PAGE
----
Immunic's lead MS drug hits primary and key secondary endpoints in PhII, but questions remain
Just a week after its lead program began enrolling patients in a study to treat Covid-19, Immunic Therapeutics is making more waves.
This time, the biotech is providing a glimpse at topline data from a Phase II trial studying the efficacy of vidofludimus calcium, or IMU-838, in relapsing-remitting multiple sclerosis patients. Taken orally, the candidate met its primary endpoint in reducing the cumulative number of combined unique active MRI lesions after 24 weeks for a 45 mg dose compared to a placebo, as well as a key secondary endpoint in such reductions for the 30 mg dose.
Immunic listed more than 50 other endpoints they studied in the trial, but due to “the study’s design, sample size and the patient’s follow-up duration” did not release any data other than the two topline endpoints.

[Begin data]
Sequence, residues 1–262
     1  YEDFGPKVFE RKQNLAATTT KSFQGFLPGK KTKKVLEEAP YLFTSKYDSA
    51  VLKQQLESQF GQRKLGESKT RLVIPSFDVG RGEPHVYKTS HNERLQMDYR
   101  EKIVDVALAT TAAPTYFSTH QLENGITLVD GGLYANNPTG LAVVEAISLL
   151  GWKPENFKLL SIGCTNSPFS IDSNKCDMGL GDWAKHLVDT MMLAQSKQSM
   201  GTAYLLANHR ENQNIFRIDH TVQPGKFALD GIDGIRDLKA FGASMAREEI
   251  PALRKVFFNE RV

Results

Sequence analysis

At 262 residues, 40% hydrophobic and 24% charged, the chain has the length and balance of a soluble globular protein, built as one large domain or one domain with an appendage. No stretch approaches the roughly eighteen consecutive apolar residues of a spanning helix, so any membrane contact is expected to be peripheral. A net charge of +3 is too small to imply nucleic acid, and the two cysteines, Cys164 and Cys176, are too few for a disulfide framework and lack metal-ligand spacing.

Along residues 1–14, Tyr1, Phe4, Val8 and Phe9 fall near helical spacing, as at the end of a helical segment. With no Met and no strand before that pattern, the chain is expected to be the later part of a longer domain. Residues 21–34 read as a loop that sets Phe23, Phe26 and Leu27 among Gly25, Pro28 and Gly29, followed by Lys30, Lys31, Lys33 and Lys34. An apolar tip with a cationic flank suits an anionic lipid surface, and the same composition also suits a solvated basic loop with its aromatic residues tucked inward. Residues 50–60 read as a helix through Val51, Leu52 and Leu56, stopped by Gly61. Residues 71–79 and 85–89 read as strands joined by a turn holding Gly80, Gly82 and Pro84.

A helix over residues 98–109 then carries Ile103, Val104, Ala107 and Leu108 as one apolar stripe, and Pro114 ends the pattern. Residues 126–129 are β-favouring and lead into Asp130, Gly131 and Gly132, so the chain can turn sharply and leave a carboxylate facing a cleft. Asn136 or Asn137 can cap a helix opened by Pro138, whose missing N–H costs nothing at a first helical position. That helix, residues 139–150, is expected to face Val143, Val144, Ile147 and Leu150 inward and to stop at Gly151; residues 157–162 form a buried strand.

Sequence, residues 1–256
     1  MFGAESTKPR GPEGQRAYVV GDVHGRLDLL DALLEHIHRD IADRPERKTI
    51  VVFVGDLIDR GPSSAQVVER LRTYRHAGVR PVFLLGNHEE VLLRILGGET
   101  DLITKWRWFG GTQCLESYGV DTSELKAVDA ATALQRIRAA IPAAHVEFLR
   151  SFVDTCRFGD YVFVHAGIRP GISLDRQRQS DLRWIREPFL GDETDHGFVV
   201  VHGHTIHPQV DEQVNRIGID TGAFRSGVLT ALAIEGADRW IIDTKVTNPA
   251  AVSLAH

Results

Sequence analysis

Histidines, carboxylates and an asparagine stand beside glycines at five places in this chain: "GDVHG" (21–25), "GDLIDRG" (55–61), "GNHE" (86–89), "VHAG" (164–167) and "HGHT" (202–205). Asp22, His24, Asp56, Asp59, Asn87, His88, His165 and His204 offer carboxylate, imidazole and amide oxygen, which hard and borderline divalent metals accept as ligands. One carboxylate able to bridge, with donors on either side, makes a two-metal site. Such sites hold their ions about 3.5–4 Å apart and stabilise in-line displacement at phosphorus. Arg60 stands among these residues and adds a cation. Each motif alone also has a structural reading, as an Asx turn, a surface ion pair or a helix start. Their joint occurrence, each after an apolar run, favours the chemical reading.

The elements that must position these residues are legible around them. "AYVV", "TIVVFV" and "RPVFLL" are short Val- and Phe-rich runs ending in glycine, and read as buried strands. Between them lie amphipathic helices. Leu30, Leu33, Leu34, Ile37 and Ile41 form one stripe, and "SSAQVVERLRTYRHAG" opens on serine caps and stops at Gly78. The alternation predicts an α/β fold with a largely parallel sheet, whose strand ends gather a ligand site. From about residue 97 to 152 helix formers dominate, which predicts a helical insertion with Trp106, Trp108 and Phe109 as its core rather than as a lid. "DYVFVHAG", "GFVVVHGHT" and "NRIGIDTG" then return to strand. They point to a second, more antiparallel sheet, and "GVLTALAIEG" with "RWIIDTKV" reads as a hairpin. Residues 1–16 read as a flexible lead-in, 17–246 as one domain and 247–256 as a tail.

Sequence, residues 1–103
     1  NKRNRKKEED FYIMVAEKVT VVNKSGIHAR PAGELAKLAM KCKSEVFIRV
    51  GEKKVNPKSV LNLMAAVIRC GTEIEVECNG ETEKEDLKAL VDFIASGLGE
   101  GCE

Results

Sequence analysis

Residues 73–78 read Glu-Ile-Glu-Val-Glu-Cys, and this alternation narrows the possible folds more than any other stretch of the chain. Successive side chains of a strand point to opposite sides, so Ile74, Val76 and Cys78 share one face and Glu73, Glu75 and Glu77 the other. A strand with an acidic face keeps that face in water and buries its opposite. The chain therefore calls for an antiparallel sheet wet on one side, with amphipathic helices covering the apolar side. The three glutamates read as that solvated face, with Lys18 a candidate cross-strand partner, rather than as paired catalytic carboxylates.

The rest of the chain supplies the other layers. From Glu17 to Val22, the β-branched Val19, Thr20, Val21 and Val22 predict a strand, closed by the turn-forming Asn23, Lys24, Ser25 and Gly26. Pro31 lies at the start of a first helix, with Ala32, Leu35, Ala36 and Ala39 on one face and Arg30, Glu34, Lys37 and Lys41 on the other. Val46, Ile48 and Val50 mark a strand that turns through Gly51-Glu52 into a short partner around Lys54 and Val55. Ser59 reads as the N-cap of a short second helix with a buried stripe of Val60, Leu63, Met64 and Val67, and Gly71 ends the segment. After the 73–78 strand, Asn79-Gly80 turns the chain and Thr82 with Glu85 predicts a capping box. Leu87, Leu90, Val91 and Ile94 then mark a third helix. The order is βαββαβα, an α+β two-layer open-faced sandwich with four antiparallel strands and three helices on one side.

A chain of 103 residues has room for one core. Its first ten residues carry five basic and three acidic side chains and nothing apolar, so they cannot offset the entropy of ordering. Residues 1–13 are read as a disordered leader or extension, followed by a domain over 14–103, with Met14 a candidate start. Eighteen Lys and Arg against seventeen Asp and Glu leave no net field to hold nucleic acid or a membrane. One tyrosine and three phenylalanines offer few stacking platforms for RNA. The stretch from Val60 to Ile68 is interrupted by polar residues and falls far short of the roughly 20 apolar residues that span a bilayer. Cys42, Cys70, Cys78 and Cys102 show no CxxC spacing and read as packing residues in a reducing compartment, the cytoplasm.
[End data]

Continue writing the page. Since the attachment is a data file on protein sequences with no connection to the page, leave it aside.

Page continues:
Nonetheless, the news impressed Wall Street, as company stock $IMUX surged over 35% in pre-market trading to $23.17.
The trial for RRMS was double-blinded with a placebo arm and tested 210 patients. In the primary, 45 mg dose arm, CUA MRI lesion reduction reached 62% for the once-daily pill. The secondary arm, with 30 mg doses, saw lesion reduction hit 70%. Both numbers were statistically significant.
Though based in New York, Immunic’s trials were conducted internationally in 36 hospitals across four European countries. The biotech is also testing IMU-838 in a range of chronic inflammatory and autoimmune diseases, such as ulcerative colitis and Crohn’s disease.
IMU-838 works by blocking the enzyme dihydroorotate dehydrogenase, or DHODH, and inhibiting the intracellular metabolism of activated T and B cells. DHODH inhibitors can also produce a host-based antiviral effect regardless of specific virus proteins and structure. Immunic is hopeful this can lead to use as the treatment of several different viruses.
That effect also led to the UK’s NHS to sponsor a trial for the candidate in moderate to severe Covid-19 cases. An NHS trust at University Hospitals Coventry and Warwickshire began enrolling patients for an open-label, Phase IIb trial researching the efficacy of IMU-838 in combination with Tamiflu.
Image: Daniel Vitt, Immunic CEO